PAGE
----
Keirene Canavan : “Constructed Textiles”Posted: November 18, 2013
Today we had a lecture by Dr. Keirene Canavan about different types of constructed textiles. I will discuss each technique.
Barkcloth – Barkcloth is the oldest known type of textiles and began being created in Baganda Kingdom in Uganda. It is a prehistoric technique and seem to have the resemblance of leather. Barkcloth is created when bark from the Moraceae tree is harvested during the wet season, it is then beaten with wooden instruments which makes the bark more pliable. This fabric is worn during occasions such as births, deaths and weddings but is also used for interiors. For royalty, the fabric is dyed black or white and worn differently to show their importance.
Sprang – Sprang is an ancient method which gives an appearance like knitted fabric, however it is more elasticated, it is created solely from warp threads. It dates back to the 14th century. Keirene told us about a book by Peter Collingswood which goes into more detail about this technique.
Knitting – This is a technique which I found interesting to learn about as I have previously learnt how to knit and how started experimenting with it again. The first ever piece of knitting was found in Egypt in the 1st millennium. Keirene explained that the fleece from sheep is especially good for knitting wool as it is a combination of loads of hairs (staples) which cup together. We also looked at fair isle knitting, which is the technique of creating a pattern using different coloured yarns in the same row. We were shown images of contemporary knit artists including Susie Freeman and Freddie Robbins.
Intarsia – Intarsia is a type of knitting where any number of colours can be combined on the same row however it is different to fair isle as the colours are not carried across and therefore the fabric is not thick and chunky. Kaffe Fassett is an artist who uses this technique, designers such as Missoni and Alexander McQueen also use this in their designs. This technique seemed very tricky however when we watched a video on YouTube it began to make more sense and is something I would deffinetly like to experiment with.
Crochet – Crochet like knitting consists of pulling loops through other loops. It is a technique I have not tried before but something I have always wanted to. Keirene showed us an artist called Marsha Richards who creates pieces of crochet using recycled materials such as plastic bags and film from cassette tapes.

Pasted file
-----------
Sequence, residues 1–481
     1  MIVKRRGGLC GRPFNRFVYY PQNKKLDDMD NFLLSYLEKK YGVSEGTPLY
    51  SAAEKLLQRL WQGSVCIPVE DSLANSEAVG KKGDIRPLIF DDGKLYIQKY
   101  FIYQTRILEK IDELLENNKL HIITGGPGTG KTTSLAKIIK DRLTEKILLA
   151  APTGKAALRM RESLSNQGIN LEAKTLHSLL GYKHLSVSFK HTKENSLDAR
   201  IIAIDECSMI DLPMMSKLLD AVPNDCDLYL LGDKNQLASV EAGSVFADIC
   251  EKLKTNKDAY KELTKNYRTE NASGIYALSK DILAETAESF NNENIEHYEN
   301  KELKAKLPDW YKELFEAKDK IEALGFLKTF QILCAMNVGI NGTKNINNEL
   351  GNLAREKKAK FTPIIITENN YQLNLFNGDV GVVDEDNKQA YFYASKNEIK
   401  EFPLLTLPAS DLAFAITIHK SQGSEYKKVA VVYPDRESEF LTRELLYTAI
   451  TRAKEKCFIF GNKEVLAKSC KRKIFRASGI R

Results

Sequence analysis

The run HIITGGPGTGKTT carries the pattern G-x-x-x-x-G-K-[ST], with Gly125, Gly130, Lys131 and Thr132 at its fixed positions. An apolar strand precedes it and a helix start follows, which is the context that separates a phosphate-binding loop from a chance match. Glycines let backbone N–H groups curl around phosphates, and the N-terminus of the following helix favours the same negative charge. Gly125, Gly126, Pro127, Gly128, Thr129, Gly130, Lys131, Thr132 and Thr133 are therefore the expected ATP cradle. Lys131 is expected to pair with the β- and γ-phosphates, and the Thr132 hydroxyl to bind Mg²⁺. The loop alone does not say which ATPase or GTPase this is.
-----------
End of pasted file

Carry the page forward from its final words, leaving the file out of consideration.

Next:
Weaving – We looked at the difference between traditional and modern techniques of weaving. Modern weaving techniques is all mechanised now however the more traditional ways are done by hand using a back and breast beam. Weaving looms have been used for over 4000 years and during the industrial revolution hundreds of mechanised jacquard looms were burnt as a revolt because they were replacing hand weavers. Woven fabrics are the most commonly used fabrics for fashion and interiors.
Ikat – Ikat is a type of dyed patterned weave which is very complex. It is not known where Ikat originated but it was known to be produced in pre-Columbian central and south American countries. They are very hard to come by as the textiles pieces are made one per life, the piece is with the individual throughout their life from birth, during marriage, a first haircut etc and burnt with the person when they die. I love the idea of something that is so cherished and solely for one person to have throughout their life.
Bedouin Al Sadu Weaving:Muteira – This is a technique I have touched on previously after a lecture from Keirene, it combines a simple loom and patterns which creates beautiful designs and colours in a textile piece.
Though the textile course does not include constructed textiles, all of these techniques are extremely interesting to me and I may incorporate them at some point in my course.